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UC Davis establishes Faithful Partner Fund to aid K-9 officers

By Pat Bailey on April 23, 2015 in

The UC Davis School of Veterinary Medicine — in conjunction with the UC Davis Police Department — is pleased to announce the establishment of the Faithful Partner Fund to assist with the medical costs of treating K-9 officers, as well as search and rescue dogs, injured in the line of duty.

The UC Davis Veterinary Medical Teaching Hospital has a long history of caring for K-9 officers, having treated 65 police dogs in the past four years, and offers free, annual teeth and eye examinations for K-9s.

The Faithful Partner Fund is initially funded by matching $25,000 contributions from both UC Davis’ School of Veterinary Medicine and Police Department. As those funds can quickly be depleted, the program welcomes contributions from the public as well as law enforcement agencies and federal search and rescue groups. The average cost of care for the previous 65 K-9 officers treated at UC Davis was $700 per dog. In critical instances, however, medical expenses can escalate far beyond that. The majority of those medical costs were most often borne by the K-9 officer’s handler and/or from contributions by the officer’s unit.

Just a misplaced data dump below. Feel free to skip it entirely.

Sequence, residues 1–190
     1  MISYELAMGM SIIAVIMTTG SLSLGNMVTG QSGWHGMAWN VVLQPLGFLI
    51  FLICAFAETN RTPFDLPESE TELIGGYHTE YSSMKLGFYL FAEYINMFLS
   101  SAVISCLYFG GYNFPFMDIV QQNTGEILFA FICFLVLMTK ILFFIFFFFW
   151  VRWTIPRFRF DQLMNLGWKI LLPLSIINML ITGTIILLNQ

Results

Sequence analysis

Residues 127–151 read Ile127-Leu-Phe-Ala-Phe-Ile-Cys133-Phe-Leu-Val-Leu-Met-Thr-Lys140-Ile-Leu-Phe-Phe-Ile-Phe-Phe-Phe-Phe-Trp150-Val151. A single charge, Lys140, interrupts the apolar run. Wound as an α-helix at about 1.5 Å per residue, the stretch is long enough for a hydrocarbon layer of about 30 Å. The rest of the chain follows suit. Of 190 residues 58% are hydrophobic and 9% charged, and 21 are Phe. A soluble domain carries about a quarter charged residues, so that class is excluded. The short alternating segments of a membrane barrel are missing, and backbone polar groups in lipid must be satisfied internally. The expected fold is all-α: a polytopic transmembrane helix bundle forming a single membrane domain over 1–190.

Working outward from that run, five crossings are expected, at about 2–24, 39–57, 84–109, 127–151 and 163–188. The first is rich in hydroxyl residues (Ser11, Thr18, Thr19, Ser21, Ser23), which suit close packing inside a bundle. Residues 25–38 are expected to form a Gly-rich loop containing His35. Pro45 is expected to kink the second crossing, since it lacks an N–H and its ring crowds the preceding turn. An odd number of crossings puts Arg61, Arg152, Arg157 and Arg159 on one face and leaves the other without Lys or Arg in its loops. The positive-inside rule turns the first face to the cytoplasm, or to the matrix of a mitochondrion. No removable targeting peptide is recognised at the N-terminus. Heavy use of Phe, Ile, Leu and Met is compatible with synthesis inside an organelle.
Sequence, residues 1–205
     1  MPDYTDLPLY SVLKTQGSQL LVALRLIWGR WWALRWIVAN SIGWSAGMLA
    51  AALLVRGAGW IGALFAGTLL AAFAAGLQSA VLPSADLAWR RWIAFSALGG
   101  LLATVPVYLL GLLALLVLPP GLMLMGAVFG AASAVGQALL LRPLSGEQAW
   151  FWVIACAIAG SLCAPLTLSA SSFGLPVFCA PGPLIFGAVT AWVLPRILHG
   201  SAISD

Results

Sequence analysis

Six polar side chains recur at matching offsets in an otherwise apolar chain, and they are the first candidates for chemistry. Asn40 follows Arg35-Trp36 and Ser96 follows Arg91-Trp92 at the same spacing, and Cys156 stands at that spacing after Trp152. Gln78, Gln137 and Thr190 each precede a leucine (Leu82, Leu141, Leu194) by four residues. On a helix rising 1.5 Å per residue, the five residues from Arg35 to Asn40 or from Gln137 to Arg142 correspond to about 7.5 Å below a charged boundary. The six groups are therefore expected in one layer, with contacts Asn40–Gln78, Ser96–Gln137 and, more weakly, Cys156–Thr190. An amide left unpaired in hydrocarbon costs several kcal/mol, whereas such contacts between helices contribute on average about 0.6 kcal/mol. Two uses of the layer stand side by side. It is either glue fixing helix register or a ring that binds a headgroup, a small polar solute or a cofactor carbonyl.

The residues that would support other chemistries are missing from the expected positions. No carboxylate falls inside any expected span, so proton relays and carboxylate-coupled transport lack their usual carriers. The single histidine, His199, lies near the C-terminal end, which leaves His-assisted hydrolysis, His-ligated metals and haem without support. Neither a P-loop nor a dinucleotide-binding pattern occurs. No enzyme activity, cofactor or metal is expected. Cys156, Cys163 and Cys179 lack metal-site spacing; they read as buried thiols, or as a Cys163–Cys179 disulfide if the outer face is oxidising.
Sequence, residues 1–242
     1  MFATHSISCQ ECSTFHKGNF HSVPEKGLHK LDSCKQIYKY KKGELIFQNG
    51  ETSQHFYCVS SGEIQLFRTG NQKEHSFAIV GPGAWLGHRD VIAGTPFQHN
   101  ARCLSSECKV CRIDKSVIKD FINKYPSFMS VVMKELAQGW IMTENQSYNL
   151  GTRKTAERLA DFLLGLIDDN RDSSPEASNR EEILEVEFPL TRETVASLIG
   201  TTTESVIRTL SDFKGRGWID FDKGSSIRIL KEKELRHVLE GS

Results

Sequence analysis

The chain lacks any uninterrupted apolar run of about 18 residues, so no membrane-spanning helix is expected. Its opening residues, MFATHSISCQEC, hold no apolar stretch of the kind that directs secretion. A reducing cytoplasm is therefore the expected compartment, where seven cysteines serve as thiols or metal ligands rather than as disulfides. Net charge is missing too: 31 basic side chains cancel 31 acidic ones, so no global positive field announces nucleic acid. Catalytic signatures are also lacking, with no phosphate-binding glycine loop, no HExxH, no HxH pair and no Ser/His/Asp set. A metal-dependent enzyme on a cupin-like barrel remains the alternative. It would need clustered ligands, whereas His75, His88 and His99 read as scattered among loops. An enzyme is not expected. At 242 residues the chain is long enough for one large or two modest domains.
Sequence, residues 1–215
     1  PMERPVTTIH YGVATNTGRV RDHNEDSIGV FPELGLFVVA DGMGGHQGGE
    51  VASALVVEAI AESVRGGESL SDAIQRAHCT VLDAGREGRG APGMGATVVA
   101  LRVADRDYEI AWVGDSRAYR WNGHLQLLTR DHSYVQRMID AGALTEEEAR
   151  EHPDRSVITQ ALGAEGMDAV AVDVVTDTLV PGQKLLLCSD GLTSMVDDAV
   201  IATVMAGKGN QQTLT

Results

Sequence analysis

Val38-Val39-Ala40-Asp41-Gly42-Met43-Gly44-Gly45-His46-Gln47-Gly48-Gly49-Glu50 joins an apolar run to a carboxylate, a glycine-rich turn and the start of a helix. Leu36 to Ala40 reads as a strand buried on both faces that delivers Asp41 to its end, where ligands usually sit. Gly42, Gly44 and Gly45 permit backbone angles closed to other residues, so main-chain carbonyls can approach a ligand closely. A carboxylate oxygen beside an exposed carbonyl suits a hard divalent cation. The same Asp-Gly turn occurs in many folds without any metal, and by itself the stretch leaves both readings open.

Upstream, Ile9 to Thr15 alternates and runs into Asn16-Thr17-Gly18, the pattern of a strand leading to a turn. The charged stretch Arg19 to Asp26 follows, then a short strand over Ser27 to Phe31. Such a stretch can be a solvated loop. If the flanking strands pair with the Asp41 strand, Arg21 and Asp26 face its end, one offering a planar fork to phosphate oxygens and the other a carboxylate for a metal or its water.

“With the growing recognition of the vital role that K-9 law enforcement officers and search and rescue dogs play in our society, there is an increasing demand for these animals to receive the highest level of veterinary care available,” said Matthew Carmichael, chief of the UC Davis Police Department. “We are fortunate to have one of the best veterinary hospitals in the world right here on the UC Davis campus.”

The UC Davis Police Department recently acquired a new K-9 officer, Charlie, handled by Officer Vincent Kwong. Charlie, a 3-year-old black Labrador mix, was adopted from a rescue in the Davis area. He completed K-9 training and is certified in explosive detection and article searches. He can detect numerous types of explosives and also locate evidence left behind at a crime scene. Charlie assists the UC Davis Police Department at large campus and dignitary events to enhance security. He also supports the Yolo County Bomb Squad as needed.

“We’re proud to be able to establish this fund to keep our state’s K-9 officers healthy,” said Michael Lairmore, dean of the School of Veterinary Medicine. “A large part of our goal as an institution is to partner with other campus units and the community to enhance the well-being of animals throughout California. The Faithful Partner Fund is a perfect example of that.”

Individuals or organizations interested in supporting the Faithful Partner Fund can contribute by making checks payable to “UC Regents.” On the memo line write “Faithful Partner Fund” and mail to UC Davis School of Veterinary Medicine, P.O. Box 1167, Davis, CA, 95617

Contributions to the Faithful Partner Fund can also be made online or by contacting the UC Davis School of Veterinary Medicine Development Office at (530) 752-7024.

Media contact(s)

Pat Bailey, Research news (emphasis: agricultural and nutritional sciences, and veterinary medicine), 530-219-9640, pjbailey@ucdavis.edu

Rob Warren, School of Veterinary Medicine, (530) 752-2363, rjwarren@ucdavis.edu

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